Maga-
zines need love too!
GOOD/Corps' @grace_k is giving the keynote at @LeadershipMphs' multicultural breakfast tomorrow morning! http://t.co/SQ8jAqTtBS
How $5 Changed the Way I Read the Internet How $5 Changed the Way I Read the Internet

How $5 Changed the Way I Read the Internet

by Tess Lynch

December 10, 2011

About a year and a half ago, I decided to quit my most recent day job, live off residuals from a 30-second toothpaste commercial, and write. I spent most of my time consuming blogs so good that their zero-dollar price tag made me feel sad and hopeful at the same time—and not only because I was writing for peanuts, too. My favorite internet writers didn't seem to be aiming for book deals in their memeless Tumblrs. They were creating those kinds of "art for art's sake" essays that I still think of years later with a tongue click and a "daaaammmmn." The one-sided relationships I formed with these unedited online authors—watching their lives unfold in real time, wondering what happened to them after I disconnected—were profound.

Then I got a note from one of those very people, Jon Schwarz of A Tiny Revolution. He wanted to include me in a project he was working on called Five Dollar Friday (#5df). The premise was simple: Every Friday, #5df participants would take $5 from their pockets and award it to a person who had created great free content on the internet.

The feeling of getting paid for what you would gladly do for free is profound. Anyone who has received that first tiny $50 freelancing check knows why this money is a different kind of currency than a week's wages from working the hostess stand at Applebee's. The accumulation of Tumblr likes and notes can almost feel like a spiritual coin purse—everybody likes validation—but a person has to be choosier when they're doling out real money.

That's what made #5df stand out: It represented a real investment, however small, in the volunteer force that makes up our best sources of information and entertainment. If 10,000 people participated in Five Dollar Friday for just one week, we'd have $50,000 to support artists who live mostly on dreams, reblogs, ether, and mp3 giveaways. That figure is probably what one Teen Mom makes per season (are they in the 1 percent yet, at least the ones who get Star magazine covers?). But for someone who isn't sure if what they do is just good enough for mom's fridge or a possible career path, it's a pretty big deal.

My Five Dollar Friday recipients were all writers. I think they know, and think they knew then, how great their content is, but everyone who releases their work into the giant, noisy atmosphere of the internet knows there are days when you feel crummy—that what you do and the parts of yourself you reveal to the web are insignificant and lame. It's nice to think that your gesture of goodwill could reinforce someone's confidence in what he or she does. One of my picks, Caragh, now writes for Hello Giggles, where I hope she gets paid what a radio contest once owed her; another just reluctantly took the mic at a storytelling series, which I wouldn't have missed if it had been in my time zone. Mills Baker, one of my favorite internet writers, wrote a response to #5df that hit me like a check for $500: "Efforts like Five Dollar Friday and Kickstarter demonstrate that just as we have novel methods for cultivating, pursuing, and sharing creativity, we are working towards new methods of rewarding and sustaining those who do."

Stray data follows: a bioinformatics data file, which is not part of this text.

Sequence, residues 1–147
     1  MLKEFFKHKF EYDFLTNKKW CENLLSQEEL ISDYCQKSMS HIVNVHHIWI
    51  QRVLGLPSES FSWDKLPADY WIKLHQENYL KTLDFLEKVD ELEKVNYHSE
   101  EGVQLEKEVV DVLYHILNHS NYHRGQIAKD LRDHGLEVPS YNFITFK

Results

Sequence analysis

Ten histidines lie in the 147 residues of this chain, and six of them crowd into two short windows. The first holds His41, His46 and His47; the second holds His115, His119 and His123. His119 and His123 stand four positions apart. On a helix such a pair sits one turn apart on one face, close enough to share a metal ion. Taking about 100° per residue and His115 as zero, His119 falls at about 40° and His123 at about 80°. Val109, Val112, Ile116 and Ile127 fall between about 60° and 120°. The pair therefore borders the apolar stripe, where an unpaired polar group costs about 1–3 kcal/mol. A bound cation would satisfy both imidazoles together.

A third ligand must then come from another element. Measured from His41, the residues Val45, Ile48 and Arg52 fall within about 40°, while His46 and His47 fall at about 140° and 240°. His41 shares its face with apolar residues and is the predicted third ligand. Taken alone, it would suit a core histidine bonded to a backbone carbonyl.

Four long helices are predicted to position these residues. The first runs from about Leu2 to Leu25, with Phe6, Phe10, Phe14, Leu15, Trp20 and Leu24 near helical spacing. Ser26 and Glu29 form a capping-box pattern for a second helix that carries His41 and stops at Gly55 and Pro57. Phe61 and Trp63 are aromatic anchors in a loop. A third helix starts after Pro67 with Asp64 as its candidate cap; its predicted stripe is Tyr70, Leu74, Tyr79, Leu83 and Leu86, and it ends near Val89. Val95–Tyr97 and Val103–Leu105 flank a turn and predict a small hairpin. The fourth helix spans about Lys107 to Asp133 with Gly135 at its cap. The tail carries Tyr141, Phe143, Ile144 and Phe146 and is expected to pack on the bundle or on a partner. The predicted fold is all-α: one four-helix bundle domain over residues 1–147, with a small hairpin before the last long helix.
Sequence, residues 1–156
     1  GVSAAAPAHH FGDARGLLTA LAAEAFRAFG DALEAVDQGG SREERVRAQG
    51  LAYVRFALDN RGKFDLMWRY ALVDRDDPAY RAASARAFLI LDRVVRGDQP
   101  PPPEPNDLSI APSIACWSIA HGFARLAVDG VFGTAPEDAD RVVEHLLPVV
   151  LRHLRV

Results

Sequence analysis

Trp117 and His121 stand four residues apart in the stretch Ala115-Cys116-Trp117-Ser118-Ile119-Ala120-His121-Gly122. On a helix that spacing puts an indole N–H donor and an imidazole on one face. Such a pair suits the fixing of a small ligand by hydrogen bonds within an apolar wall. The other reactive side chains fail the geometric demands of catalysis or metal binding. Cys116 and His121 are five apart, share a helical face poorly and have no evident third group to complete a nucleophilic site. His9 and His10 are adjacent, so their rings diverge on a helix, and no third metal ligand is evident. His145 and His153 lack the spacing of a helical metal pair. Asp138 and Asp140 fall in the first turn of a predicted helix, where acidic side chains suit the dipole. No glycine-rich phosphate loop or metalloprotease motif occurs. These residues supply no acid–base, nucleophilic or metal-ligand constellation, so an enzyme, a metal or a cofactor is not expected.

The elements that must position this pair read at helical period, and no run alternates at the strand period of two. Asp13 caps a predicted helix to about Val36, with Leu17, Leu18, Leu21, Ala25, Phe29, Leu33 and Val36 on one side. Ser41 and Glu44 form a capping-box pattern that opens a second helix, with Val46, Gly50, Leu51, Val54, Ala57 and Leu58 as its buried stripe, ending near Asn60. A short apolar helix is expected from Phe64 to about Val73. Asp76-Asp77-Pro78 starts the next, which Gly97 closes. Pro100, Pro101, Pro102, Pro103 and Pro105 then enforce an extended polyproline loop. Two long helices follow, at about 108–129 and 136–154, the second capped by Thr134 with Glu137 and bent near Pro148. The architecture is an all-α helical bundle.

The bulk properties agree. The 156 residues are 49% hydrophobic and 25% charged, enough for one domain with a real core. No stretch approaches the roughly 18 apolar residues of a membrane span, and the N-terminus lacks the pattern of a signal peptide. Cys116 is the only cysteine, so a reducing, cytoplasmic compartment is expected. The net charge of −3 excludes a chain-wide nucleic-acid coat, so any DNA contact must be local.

Five Dollar Friday never caught on the way I hoped it might—after a few months of payments, the experiment slowly faded away. Maybe it wasn't time, or maybe people are wary of PayPal. But it changed the way I thought of myself as a consumer of free media, and I hope that one day it will return with a vengeance. Whether you write your virtual check to a person or entity, it feels good. Look at Wikipedia: Every time I see the site's pleas, I think of a world without Wikipedia and I recoil, turning into a snail whose body would be too soft for a world unshielded by a cloak of open-source information. Volunteering to fund art or music or knowledge feels like the utopian harmony for which we've all been searching—some middle ground between scuzzy-seeming piracy and getting fleeced for Melancholia on video on demand.

What can $5 buy a struggling internet artist? Just enough iTunes tracks to get through writing a pitch to the Village Voice, enough drip coffee to stay up all night writing a blog about the van der Waals force for the benefit of anonymous stranger's term papers, or maybe a charcoal pencil to finish that damn drawing. For the giver, it's buying time on someone else's behalf—encouraging a person to keep doing what he or she is doing. It is to say, "I think this might work out for you." That's the internet at its best. 

Photo via (cc) Flickr user jmoneyyyyyyy
+
Join the discussion